It was a long day, broken up by scenes of the Gujarat countryside. Fields of cotton, cumin, sesame and pomegranate passed us by and we saw flamingos around the coastal marshes at Kuchdi. The village of Sodhana — the birthplace of my paternal grandfather, Jeshangbhai Manji Dattani — awaited us about 20 miles away. A majestic gate marked the entrance into the small village that lay at the end of a dusty road. A group of men were gathered outside the Bank of India building and we stopped to chat. My father’s sister had visited Sodhana 10 years earlier and an elderly man remembered the family.

We lived with my paternal grandparents in Essex until I was three, and then they were only a short walk away for years after. My grandfather lived the longest of all my grandparents so I knew him well, remembering him as an avid storyteller and a gourmet, who was especially fond of cheese, which may explain the obsession with that foodstuff among my cousins.

Later on in the trip over tea with my grandfather’s cousin’s son (the online family tree was coming into its own now), I realised we were probably standing right outside the very house where my grandfather grew up — but that’s a lead to follow on another trip, at another time, with my father.

Little Rann salt pan, Gujarat.

Visitng the Little Rann salt pan, Gujarat.

End of the trail

The only missing link now was my paternal grandmother’s (Santokben Thobani) birthplace. Born in Porbandar, there seemed to be no record of the house where she, her two sisters and brother, lived. I was 13 when she passed away, long before I had any interest in ancestry, and her last sibling, my great-aunt, sadly died a week before we took this trip.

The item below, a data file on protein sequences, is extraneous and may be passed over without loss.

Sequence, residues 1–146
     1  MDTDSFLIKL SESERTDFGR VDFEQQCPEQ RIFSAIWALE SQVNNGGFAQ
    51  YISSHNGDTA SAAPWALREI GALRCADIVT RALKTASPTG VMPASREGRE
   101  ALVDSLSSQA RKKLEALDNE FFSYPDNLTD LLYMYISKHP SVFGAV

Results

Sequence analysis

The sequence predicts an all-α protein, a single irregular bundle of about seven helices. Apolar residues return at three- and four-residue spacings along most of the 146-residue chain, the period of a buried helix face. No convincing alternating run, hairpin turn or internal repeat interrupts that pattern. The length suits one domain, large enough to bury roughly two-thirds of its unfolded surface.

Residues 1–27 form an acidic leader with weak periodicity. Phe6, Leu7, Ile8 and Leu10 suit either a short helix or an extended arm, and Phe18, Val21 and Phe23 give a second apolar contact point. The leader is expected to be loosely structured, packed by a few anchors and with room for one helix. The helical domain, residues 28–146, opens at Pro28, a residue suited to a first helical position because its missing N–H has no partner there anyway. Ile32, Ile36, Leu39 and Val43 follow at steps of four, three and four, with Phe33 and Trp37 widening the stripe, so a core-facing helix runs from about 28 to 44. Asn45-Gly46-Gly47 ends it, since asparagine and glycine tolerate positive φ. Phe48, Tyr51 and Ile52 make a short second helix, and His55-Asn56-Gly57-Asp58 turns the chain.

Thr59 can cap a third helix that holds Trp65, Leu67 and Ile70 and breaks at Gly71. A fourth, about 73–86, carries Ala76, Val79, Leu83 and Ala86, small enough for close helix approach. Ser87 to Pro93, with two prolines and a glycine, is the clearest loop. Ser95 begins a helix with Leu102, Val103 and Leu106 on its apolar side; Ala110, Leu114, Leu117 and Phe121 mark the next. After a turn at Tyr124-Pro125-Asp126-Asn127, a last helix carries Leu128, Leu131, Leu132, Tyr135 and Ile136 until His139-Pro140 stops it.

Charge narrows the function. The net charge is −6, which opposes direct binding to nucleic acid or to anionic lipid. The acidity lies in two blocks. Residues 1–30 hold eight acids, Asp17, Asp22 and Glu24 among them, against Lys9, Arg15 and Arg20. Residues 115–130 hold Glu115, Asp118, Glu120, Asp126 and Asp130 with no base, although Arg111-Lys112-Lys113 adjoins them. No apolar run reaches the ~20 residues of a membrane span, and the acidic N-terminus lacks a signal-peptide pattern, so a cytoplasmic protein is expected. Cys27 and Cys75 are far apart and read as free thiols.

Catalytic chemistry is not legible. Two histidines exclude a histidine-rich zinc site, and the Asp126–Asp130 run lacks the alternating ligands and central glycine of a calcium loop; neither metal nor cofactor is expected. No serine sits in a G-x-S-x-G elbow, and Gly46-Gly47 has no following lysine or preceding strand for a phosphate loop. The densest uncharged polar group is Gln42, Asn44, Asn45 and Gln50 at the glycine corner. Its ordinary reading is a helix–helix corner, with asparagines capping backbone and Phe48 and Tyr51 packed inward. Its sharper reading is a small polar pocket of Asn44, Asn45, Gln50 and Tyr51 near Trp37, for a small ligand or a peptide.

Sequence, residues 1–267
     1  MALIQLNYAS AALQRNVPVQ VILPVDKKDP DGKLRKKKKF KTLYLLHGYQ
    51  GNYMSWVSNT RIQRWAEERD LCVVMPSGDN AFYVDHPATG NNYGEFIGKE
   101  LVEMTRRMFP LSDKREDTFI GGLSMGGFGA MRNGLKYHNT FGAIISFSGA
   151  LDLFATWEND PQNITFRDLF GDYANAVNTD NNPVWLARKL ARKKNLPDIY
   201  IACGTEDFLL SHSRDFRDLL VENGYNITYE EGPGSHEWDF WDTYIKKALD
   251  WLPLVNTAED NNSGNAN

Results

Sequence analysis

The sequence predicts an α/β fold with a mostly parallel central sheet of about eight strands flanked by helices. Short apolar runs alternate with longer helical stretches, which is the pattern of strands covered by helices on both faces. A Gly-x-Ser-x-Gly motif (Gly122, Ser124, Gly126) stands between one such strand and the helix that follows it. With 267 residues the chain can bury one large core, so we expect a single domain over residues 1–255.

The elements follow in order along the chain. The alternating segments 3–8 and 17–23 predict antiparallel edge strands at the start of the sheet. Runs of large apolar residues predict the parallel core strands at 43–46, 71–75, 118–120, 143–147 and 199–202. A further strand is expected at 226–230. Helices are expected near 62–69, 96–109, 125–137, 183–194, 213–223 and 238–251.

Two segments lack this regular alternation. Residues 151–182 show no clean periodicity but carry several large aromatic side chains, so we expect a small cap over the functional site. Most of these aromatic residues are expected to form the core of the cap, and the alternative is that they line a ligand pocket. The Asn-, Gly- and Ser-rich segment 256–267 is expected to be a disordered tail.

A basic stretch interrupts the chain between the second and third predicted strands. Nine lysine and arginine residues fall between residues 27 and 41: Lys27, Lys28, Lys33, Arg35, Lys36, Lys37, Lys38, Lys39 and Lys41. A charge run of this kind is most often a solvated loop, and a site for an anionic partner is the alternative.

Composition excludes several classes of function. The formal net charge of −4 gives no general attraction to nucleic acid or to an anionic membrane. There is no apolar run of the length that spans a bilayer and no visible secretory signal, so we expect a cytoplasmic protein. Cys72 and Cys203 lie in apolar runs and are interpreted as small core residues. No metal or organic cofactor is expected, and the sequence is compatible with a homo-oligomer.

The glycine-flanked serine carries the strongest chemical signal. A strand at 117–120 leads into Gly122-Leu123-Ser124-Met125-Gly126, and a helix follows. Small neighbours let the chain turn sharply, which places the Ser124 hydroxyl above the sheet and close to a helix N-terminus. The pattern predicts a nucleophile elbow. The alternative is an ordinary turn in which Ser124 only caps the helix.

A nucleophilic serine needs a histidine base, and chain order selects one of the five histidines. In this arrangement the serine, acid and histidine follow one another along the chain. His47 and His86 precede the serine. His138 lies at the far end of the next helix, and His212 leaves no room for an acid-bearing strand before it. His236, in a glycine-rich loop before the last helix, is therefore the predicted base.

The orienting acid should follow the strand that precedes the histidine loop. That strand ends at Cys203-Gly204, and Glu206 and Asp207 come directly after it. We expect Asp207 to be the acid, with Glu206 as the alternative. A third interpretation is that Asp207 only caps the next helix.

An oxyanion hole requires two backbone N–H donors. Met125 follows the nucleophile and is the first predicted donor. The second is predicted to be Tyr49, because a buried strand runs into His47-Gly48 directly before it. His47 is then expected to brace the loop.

But while we may not have found any physical birthplace, there was surviving family. In the busy city of Rajkot, 180 kilometres east, we found her brother’s family, the Thobanis, and I was able to meet two of my father’s cousins, along with their parents and families over various lunches and dinners. They had no clues as to any family home in Porbandar so we had to conclude that it was time to close that file.

It had been quite a trip — and one that’s about more than ancestral villages. I had also learnt about my community, the Lohanas caste. Historians trace it back to two to three millennia BC, once living in what is today’s Afghanistan and the Sindh province of today’s Pakistan, making it one of the world’s oldest surviving communities. It’s believed they fought several attempts at invasion and religious conversion, and eventually migrated south into Gujarat, swapping their warrior skills for trade and business.